NOTE: Includes only 3- to 18-year-olds living in households (respondents living in group quarters such as shelters, healthcare facilities, or correctional facilities were not asked about internet access). Includes 3- to 18-year-olds who had home internet access only through a smartphone but did not have any of the following types of computers: desktop or laptop, tablet or other portable wireless computer, or “some other type of computer.” Although rounded numbers are displayed, the figures are based on unrounded data.

SOURCE: U.S. Department of Commerce, Census Bureau, American Community Survey (ACS), 2019. See Digest of Education Statistics 2020, table 702.12.

Figure 5. Percentage distribution of 3- to 18-year-olds who had no internet access at home, by main reason for not having access: 2019
Figure 5. Percentage distribution of 3- to 18-year-olds who had no internet access at home, by main reason for not having access: 2019

1 Respondents could specify “other” reasons. Examples of other reasons were not provided to respondents.

NOTE: Includes only 3- to 18-year-olds living in homes with no internet access. Data are based on sample surveys of the civilian noninstitutionalized population, which excludes persons in the military and persons living in institutions (e.g., prisons or nursing facilities). The survey respondent usually is the person who either owns or rents the housing unit. Detail may not sum to totals because of rounding. Although rounded numbers are displayed, the figures are based on unrounded data.

SOURCE: U.S. Department of Commerce, Census Bureau, Current Population Survey (CPS), November 2019. See Digest of Education Statistics 2020, table 702.40.


1 The American Community Survey (ACS) provides a large monthly sample of demographic, socioeconomic, and housing data comparable in content to the Long Forms of the Decennial Census. Aggregated over time, these data serve as a replacement for the Long Form of the Decennial Census. This indicator uses data from ACS to describe the percentage of 3- to 18-year-olds with home internet access and the percentage with home internet access only through a smartphone in 2019.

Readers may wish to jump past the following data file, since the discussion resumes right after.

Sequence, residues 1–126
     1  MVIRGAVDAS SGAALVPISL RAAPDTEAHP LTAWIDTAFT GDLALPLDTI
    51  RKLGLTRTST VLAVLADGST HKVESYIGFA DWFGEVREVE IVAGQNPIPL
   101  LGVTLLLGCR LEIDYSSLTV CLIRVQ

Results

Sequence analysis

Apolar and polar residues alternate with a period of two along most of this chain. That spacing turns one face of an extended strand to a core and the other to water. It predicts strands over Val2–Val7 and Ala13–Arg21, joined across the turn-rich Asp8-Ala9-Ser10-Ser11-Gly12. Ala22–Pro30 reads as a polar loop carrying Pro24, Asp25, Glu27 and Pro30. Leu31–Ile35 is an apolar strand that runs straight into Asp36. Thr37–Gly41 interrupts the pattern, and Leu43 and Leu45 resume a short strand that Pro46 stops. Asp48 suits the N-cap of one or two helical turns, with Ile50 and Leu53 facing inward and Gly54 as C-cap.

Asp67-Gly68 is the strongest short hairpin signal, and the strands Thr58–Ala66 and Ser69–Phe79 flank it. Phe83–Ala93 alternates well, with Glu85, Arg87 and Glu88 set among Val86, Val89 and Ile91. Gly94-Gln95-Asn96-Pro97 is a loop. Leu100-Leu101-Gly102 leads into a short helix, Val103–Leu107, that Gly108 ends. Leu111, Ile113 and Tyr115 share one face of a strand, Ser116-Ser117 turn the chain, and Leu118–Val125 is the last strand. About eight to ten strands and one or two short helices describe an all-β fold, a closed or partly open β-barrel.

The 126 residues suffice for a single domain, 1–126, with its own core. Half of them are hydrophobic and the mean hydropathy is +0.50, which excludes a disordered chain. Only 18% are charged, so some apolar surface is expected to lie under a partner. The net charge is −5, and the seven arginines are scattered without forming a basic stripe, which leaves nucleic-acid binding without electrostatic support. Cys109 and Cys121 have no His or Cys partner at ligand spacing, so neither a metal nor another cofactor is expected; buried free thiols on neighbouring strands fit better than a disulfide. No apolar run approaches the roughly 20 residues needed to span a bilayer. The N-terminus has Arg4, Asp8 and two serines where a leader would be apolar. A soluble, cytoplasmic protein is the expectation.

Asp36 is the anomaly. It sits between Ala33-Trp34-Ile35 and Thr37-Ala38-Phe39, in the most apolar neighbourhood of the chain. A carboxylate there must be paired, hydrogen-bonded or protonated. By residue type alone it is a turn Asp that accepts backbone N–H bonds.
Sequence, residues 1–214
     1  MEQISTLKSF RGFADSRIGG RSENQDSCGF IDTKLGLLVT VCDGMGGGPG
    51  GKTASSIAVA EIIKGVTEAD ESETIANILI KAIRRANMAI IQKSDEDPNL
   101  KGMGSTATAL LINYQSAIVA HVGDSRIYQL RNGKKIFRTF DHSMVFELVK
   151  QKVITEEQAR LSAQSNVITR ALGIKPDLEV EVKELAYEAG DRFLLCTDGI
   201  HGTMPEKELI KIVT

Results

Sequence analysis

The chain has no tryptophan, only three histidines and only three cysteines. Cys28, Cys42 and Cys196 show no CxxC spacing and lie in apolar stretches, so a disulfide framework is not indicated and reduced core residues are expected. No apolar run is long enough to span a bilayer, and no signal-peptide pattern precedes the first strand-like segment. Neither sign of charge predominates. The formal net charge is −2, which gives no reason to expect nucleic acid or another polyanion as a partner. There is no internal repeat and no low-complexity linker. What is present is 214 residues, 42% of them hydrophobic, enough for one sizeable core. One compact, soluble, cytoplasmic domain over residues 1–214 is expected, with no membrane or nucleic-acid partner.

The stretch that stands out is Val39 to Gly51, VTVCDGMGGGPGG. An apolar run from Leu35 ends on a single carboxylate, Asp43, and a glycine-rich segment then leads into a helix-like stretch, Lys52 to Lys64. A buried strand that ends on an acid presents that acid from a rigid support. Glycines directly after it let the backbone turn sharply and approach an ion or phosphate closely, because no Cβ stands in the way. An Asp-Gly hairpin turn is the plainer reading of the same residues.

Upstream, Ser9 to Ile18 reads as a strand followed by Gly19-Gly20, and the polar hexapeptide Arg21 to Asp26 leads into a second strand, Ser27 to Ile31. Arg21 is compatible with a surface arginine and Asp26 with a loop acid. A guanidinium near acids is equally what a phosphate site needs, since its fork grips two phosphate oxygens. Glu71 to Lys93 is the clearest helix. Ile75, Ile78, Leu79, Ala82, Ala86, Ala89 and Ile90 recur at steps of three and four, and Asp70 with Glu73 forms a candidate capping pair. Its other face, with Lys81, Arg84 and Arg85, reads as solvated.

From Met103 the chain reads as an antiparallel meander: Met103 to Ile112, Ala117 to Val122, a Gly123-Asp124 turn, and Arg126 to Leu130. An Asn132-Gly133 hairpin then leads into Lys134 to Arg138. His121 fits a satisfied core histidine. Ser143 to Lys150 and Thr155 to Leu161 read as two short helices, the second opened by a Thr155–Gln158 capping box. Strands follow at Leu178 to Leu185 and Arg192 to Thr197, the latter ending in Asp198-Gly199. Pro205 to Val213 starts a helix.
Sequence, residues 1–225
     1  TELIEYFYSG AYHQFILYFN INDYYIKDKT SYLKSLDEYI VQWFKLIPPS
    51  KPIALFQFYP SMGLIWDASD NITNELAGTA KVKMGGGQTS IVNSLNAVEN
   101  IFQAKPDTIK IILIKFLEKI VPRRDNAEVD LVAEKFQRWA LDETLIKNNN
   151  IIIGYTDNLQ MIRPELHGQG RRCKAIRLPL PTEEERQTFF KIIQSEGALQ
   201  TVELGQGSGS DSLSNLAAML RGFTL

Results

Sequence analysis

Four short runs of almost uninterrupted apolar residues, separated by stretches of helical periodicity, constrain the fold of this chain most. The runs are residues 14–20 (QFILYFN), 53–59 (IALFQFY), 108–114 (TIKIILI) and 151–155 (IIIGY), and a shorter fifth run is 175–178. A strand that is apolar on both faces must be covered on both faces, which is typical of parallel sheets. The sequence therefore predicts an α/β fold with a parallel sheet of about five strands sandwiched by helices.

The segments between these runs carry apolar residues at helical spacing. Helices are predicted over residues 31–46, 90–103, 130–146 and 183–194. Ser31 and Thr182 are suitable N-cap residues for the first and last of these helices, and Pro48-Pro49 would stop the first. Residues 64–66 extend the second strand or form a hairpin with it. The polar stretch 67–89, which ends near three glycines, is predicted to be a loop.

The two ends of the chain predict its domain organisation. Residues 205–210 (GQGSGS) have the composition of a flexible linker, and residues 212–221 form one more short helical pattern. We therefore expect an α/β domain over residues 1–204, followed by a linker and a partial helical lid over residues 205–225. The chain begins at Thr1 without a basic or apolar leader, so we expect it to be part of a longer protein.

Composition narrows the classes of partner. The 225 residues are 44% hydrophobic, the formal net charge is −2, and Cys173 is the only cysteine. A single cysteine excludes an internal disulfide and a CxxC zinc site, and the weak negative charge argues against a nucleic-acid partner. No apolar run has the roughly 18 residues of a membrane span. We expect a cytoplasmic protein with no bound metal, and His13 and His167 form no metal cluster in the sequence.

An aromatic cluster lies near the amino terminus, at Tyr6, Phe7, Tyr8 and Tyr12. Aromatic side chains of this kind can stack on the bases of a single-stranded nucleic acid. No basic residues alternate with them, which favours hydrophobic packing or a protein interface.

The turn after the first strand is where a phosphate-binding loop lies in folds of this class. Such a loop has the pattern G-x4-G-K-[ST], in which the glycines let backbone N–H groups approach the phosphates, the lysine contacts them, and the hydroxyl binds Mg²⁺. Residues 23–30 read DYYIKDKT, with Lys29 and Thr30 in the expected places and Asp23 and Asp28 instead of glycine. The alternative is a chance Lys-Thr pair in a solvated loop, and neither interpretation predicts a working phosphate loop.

2 Refers to the percentage of 3- to 18-year-olds with home internet access through one or more of the following types of computers: desktop or laptop, tablet or other portable wireless computer, or “some other type of computer.” Includes homes having both smartphones and any of these types of computers.

3 Refers to the percentage of 3- to 18-year-olds who had home internet access only through a smartphone but did not have any of the types of computers listed in endnote 2.

4 Detail does not sum to totals because of rounding.

5 The highest quarter refers to the top 25 percent of all family incomes; the middle-high quarter refers to the 51st through the 75th percentile of all family incomes; the middle-low quarter refers to the 26th through the 50th percentile of all family incomes; and the lowest quarter refers to the bottom 25 percent of all family incomes.

6 Data from CPS differ from data from ACS because ACS asked respondents about internet access and explicitly indicated that having a cell phone service is considered having internet access, while CPS asked about internet use and made no explicit reference to having a cell phone service. Due to this survey difference, the two datasets reported different percentages of 3- to 18-year-olds who “did not have access to the Internet” (5 and 13 percent, respectively).

7 These income levels are “less than $10,000,” “$10,000 to $19,999,” “$20,000 to $29,999,” and “$30,000 to $39,999.”

8 These income levels are “$40,000 to $49,999,” “$50,000 to $74,999,” “$75,000 to $99,999,” and “$100,000 or more.”

Supplemental Information

Table 702.12 (Digest 2020): Percentage distribution of children ages 3 to 18, by whether they have home internet access, whether they have access through computer or only smartphone, and selected child and family characteristics: 2016 and 2019;
Table 702.40 (Digest 2020): Percentage of persons age 3 and over and ages 3 to 18 with no internet access at home and percentage distribution of those with no home access, by main reason for not having access and selected characteristics: 2010 and 2019